Tuesday, August 4, 2015

The New Order by Chris Weitz

Series: The Young World Trilogy (bk. 2)

Genera(s): Dystopian Sci-fi

Subjects: post-apocalyptic, survival, viruses, love, adventure

Setting: New York City: Manhattan and Long Island; The Atlantic ocean; Cambridge, England

POV/Tense: 1st person past tense rotating between Jefferson and Donna, interludes from: Peter, Kath, Brainbox

Age/Grade Level: Teen

Length: 307 pgs.

HC/PB: Hardcover

List Price: $19.00

Publisher: Hachette: Little, Brown

Summary/ product description: “They thought they were the only ones left. They were wrong.

After the unexpected revelation at the end of the first book, Donna and Jefferson are separated. Jefferson returns to NYC and tries to bring a cure to the Sickness back to the Washington Square tribe, while Donna finds herself in England, facing an unimaginable new world. Can the two reunite and prevent an even greater disaster than the Sickness?

This second book in The Young World trilogy will keep you at the edge of your seat.”

My Review:  The New Order is a great sequel! At the end of the last book we find out that there are still adults out there, and Donna, Jefferson and others are brought onto an aircraft carrier owned by the U.S. Navy. The plague that they thought killed all adult only ravaged the Americas and there’s still Europe, Asia, Oceana and Africa.

Jefferson escapes with the other back to New York and Donna is taken to England, where she has to pretend she’s not a plague survivor, and give information on what happened. We get to find out what happening in England and the rest of the world, which adds to the world building. It’s the same world, just after a huge crisis. And what happened in the Americas cause a domino effect even if those people  didn’t die of the virus.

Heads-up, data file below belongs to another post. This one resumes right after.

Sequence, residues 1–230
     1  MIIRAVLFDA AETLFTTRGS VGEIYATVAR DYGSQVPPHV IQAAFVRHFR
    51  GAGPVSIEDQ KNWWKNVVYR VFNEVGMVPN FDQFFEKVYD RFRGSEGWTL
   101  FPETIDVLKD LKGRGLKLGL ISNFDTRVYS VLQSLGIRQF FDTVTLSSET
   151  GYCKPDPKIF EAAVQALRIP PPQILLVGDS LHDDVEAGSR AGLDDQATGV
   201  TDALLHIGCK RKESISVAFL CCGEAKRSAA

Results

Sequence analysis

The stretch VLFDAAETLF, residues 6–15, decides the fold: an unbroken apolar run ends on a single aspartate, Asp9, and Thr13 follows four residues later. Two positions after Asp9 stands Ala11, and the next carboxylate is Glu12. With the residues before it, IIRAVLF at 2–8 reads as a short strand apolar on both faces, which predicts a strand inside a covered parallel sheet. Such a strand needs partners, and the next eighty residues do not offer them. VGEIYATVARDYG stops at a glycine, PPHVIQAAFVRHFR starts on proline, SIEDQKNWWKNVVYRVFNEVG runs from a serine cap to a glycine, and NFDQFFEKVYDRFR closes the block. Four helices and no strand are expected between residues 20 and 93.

I love the different characters. They’re so unique and interesting. The different characters voices in different fonts (serif for guy, san-serif for girls) are cool. Donna’s POV is very journally and funny. She reminds me of Max from Maximum Ride. Jefferson is more serious. Kath’s POV was only used twice, but she’s even more funny and more badass than Donna. Peter’s voice also seems well-developed and unique. Brainbox’s small part near the end has no punctuation, so reading that was difficult. There was not much romance between Donna and Jefferson (only in the beginning) because Donna goes to London.

There are lot of movie and books referenced in the story. A subtle reference Donna make to the movie 300 when she talks about Spartans.  A quote from Planet of the Apes (“ape kill no ape”). Mentions of the Alien movie, the Hunger Games, Harry Potter, Blade Runner, Star Wars, and so on. I love it when pop-culture is included in a story because it makes it feel more contemporary and relatable. Like this story is set in the very near-future, rather than 50 or a hundred years.

I recommend this to fans of The 5th Wave, The Hunger Games, Divergent, Maximum Ride, Quarantine by Lex Thomas, Monument 14 by Emmy Laybourne, No Easy Way Out by Dayna Lorentz, Inhuman by Kat Fall, The Murder Complex by Lindsey Cummings, Taken by Erin Bowman, and other dystopian book.

Cover Art Review: The pale green hue of the photo creates an interesting tone. The people are backlit. The title looks awesome.

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